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New Study Explains Why We Love Fast Food After A Big Night Out

It’s not a lack of will power; it’s evolutionary biology…

You trudge out of the club, seven beers heavier (and a few pounds of shame lighter) after your inner Casanova so spectacularly failed to show up. “Whatever,” you figure, “I may have struck out—but at least I can get a kebab or and a slice of pizza on my way home.” Sure, you’ve had dinner already, but this 2 for 1 Meatlovers special is just too good to resist.

Then, after consuming more grease in one sitting than you would normally in an entire week, you go to sleep with a fast-food baby in your belly, and wake up wondering: why the hell did I do that? Everyone knows alcohol reduces inhibitions, so you know why you acted on your drunken craving—but why did you get it in the first place?

If this train of thought sounds familiar, don’t worry, there’s now an explanation: after seeing an ad in a campus newspaper promoting unhealthy late-night foods, researchers from the University of Buffalo decided to investigate whether there was a biological excuse for your drunken cravings.

“They’re called the “drunchies,” or drunk munchies. It’s the desire one has to eat salty, fatty, unhealthy foods during or after a night of heavy drinking,” (Science Daily).

“Given the obesity epidemic and the rates of alcohol consumption on college campuses, we need to be aware of not only the negative effect of alcohol consumption, but also the impact it has on what people are eating while they are drinking,” said Jessica Kruger, the lead author of the study.

According to the Californian Journal of Health Promotion, previous research had already found that students’ junk food cravings increase (and that they tend to eat fewer fruits and vegetables) when they drink alcohol. This study explored why that is the case, examining “heavy episodic drinking” and “dietary choices” both while drinking and on the following day.

As reported by Science Daily, “Kruger and her colleagues from the University of Michigan, University of Toledo, and Bowling Green State University, conducted their study on a sample of 286 students at a large public university in the Midwest.”

Study participants filled out an anonymous online survey, which began with general questions around diet like, “What do you typically eat for your first meal of the day?” and “How often do you eat something before you go to bed?” This set a benchmark against which their eating habits when they went out drinking could be compared.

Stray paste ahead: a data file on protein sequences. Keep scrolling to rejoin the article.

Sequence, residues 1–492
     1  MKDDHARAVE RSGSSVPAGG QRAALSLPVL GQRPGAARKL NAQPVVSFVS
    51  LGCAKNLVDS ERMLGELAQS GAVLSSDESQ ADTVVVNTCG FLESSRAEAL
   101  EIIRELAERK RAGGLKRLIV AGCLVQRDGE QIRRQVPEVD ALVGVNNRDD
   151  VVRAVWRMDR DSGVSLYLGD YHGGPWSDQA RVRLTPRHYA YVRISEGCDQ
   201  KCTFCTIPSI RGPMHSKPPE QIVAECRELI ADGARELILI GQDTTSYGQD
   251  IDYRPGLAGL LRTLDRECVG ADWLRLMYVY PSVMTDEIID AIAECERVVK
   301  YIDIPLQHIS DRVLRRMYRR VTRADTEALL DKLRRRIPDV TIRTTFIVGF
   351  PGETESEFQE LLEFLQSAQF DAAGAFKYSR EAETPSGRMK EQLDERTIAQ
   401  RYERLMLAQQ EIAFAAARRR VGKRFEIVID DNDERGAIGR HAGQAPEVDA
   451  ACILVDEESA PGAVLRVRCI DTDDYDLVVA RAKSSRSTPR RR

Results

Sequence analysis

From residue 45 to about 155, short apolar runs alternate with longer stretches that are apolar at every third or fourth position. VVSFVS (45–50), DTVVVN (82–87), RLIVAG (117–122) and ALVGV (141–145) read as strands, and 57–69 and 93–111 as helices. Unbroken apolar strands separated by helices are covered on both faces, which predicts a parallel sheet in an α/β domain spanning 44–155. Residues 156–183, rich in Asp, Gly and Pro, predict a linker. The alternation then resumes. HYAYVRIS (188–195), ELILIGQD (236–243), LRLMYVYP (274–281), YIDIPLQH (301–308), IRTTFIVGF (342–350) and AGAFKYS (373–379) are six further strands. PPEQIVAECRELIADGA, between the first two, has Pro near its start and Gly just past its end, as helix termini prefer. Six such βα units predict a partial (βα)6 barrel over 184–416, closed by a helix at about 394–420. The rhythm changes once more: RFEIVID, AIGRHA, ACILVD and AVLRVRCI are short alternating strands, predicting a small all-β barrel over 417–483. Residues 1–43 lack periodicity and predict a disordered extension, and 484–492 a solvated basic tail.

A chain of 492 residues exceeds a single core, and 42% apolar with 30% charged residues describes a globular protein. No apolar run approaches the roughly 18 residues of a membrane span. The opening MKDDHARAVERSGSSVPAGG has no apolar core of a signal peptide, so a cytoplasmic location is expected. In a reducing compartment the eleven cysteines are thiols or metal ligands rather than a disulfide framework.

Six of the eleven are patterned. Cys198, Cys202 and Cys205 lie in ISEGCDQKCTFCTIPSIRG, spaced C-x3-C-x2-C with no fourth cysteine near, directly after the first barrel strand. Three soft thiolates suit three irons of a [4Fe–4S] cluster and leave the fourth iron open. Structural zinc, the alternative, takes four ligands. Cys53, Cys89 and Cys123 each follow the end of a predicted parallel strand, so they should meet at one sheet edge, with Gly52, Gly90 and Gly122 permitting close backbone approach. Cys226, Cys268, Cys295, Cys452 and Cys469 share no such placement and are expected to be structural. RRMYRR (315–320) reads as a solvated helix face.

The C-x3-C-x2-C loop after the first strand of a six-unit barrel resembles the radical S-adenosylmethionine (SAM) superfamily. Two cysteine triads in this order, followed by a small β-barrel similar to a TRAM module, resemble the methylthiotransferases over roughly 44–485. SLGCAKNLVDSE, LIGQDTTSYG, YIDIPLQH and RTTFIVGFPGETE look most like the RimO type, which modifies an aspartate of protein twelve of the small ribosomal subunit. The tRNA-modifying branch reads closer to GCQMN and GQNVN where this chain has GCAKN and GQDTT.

“Later in the survey,” reported Science Daily, “They were asked how often they ate something before bed on nights when they drank alcohol, and what they ate. They were also asked what they typically ate for their first meal the day after a night of binge drinking.”

The result? Researchers found that drinking significantly influenced study participants’ nocturnal eating patterns. “All alcohol drinkers were more likely to eat something before they went to bed after drinking alcohol than in general before they go to bed,” the report concluded.

“Specifically, they were more likely to opt for salty snack foods and pizza. Healthy foods, such as dark green vegetables and other veggies they would ordinarily eat, weren’t as appealing,” (Science Daily).

So what’s happening in the body all this time? Is it really ~physiology~ that makes us order a 2am kebab and then replace our normal breakfast of cereal and milk with tacos? In a word: yes. Or at least, probably; “It is believed that after drinking alcohol, the amount of blood glucose in the body can rise and fall which stimulates the brain to feel hungry,” Kruger explained.

Compounding the problem, researchers also noted, was the fact that participants didn’t report drinking more water or other non-alcoholic beverages before going to sleep, exacerbating dehydration, and leading to even more unhealthy food choices.

Considering the abundance of fast food options around universities and urban night-life zones, as well as America’s growing obesity epidemic, these findings point to the need to encourage healthy eating at all times of the day, including late at night.

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